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Golden Horn - Halic

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Panoramic view of the Golden Horn in Istanbul, as seen from the Galata Tower. The Galata Bridge can be seen in the center of the picture. The Seraglio Point (Sarayburnu) where the Topkapı Palace is located is seen at the left tip of the historic peninsula; followed by (left to right) the Hagia Sophia, the Sultan Ahmed (Blue) Mosque, the Yeni (New) Mosque near the Galata Bridge, the Beyazıt Tower rising high in the background, and the Süleymaniye (Suleiman the Magnificent) Mosque at far right, among others. The Sea of Marmara and the Princes' Islands are seen in the background, on the horizon. At the extreme left of the picture, the district of Kadıköy (ancient Chalcedon) on the Asian side of the city can be seen. Behind the Galata Bridge, towards the horizon, the Column of Constantine (which was surrounded by iron bars for restoration at the time of this photo) rises.

Golden Horn


Seraglio Point (Sarayburnu) on the Golden Horn, as seen from the Galata Tower
Seraglio Point (Sarayburnu) on the Golden Horn, as seen from the Galata Tower


Boats on the Golden Horn

The Golden Horn (Turkish: Haliç or Altın Boynuz, Greek: Χρυσόν Κέρας – Chrysón Kéras) is an inlet of the Bosphorus dividing the city of Istanbul and forming a natural harbor.


Map of Byzantine Constantinople, showing the Golden Horn north of the city's main peninsula
Map of Byzantine Constantinople, showing the Golden Horn north of the city's main peninsula

According to Greek legend, the Golden Horn derives its name from Keroessa, the mother of Byzas the Megarian, who named it after her. It forms a deep natural harbor for the pensinsula it encloses together with the Sea of Marmara. The Byzantine Empire had its naval headquarters there, and walls were built along the shoreline to protect the city of Constantinople from naval attacks. At the entrance to the Horn, there was a large chain pulled across from Constantinople to the old Tower of Galata (which was known as the Megalos Pyrgos (Great Tower) among the Byzantines) on the northern side, preventing unwanted ships from entering. This tower was largely destroyed by the Latin Crusaders during the Fourth Crusade (1204), but the Geneose built a new tower nearby, the famous Galata Tower (1348) which they called Christea Turris (Tower of Christ).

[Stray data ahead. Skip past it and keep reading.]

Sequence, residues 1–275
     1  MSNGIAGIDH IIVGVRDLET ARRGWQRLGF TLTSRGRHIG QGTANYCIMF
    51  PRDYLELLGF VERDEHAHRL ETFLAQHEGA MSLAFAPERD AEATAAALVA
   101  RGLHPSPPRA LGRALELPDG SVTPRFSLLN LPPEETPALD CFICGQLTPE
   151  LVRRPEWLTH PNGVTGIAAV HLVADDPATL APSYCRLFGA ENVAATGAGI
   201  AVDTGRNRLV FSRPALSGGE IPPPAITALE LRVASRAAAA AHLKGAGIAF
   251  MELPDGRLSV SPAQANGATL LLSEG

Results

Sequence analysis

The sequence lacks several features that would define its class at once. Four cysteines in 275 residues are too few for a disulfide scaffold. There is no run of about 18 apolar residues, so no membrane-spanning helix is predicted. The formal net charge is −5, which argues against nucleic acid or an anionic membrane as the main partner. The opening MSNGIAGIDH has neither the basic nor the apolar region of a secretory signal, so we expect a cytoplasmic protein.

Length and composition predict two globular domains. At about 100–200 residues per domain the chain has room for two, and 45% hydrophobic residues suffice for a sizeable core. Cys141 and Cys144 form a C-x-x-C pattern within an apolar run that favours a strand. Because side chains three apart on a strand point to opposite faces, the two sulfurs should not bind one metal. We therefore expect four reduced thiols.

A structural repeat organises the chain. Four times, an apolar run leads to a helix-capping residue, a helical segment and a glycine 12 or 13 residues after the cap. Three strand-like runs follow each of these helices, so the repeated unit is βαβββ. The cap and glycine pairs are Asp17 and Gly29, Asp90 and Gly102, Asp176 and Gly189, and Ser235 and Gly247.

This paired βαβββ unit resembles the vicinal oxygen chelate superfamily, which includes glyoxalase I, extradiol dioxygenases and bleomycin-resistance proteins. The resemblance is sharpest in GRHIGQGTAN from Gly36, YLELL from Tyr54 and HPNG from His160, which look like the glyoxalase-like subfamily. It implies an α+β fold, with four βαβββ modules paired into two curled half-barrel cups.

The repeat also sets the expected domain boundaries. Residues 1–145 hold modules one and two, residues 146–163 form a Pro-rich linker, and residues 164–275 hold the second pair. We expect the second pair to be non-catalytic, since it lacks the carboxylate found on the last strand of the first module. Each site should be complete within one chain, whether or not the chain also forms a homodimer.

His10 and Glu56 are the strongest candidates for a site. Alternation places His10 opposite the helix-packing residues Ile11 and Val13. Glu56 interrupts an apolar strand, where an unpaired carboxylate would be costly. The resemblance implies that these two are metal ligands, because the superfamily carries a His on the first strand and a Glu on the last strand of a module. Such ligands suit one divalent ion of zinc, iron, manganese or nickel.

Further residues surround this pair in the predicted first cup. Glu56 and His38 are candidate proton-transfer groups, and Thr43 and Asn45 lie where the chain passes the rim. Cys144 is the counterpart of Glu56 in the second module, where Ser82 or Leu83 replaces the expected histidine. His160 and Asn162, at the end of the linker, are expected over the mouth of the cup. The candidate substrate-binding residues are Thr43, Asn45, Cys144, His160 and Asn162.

There were three notable times when the chain across the Horn was either broken or circumvented. In the 10th century the Kievan Rus' dragged their longships out of the Bosporus, around Galata, and relaunched them in the Horn; the Byzantines defeated them with Greek fire. In 1204, during the Fourth Crusade, Venetian ships were able to break the chain with a ram. In 1453, Ottoman Sultan Mehmed II, having failed in his attempt to break the chain with brute force, instead used the same tactic as the Rus', towing his ships across Galata into the estuary over greased logs.


After the Capture of Constantinople in 1453 by Mehmed the Conqueror, Greek citizens, the Greek Orthodox Church, Jews, Italian merchants, and other non-Muslims began to live along the Horn in the Phanar (Fener) and Balat districts. Today the Golden Horn is settled on both sides, and there are parks along each shore. The Istanbul Chamber of Commerce is also located along the shore, as are Muslim, Jewish and Christian cemeteries. The Galata Bridge connects the districts of Galata and Eminönü. Two other bridges, the Atatürk Bridge and the Haliç Bridge, are located further up the Horn. Until the 1980s the Horn was inquinated with industrial waste, but has since been cleaned up and is a popular tourist attraction in Istanbul because of its history and beauty.


The Golden Horn is a flooded prehistoric estuary.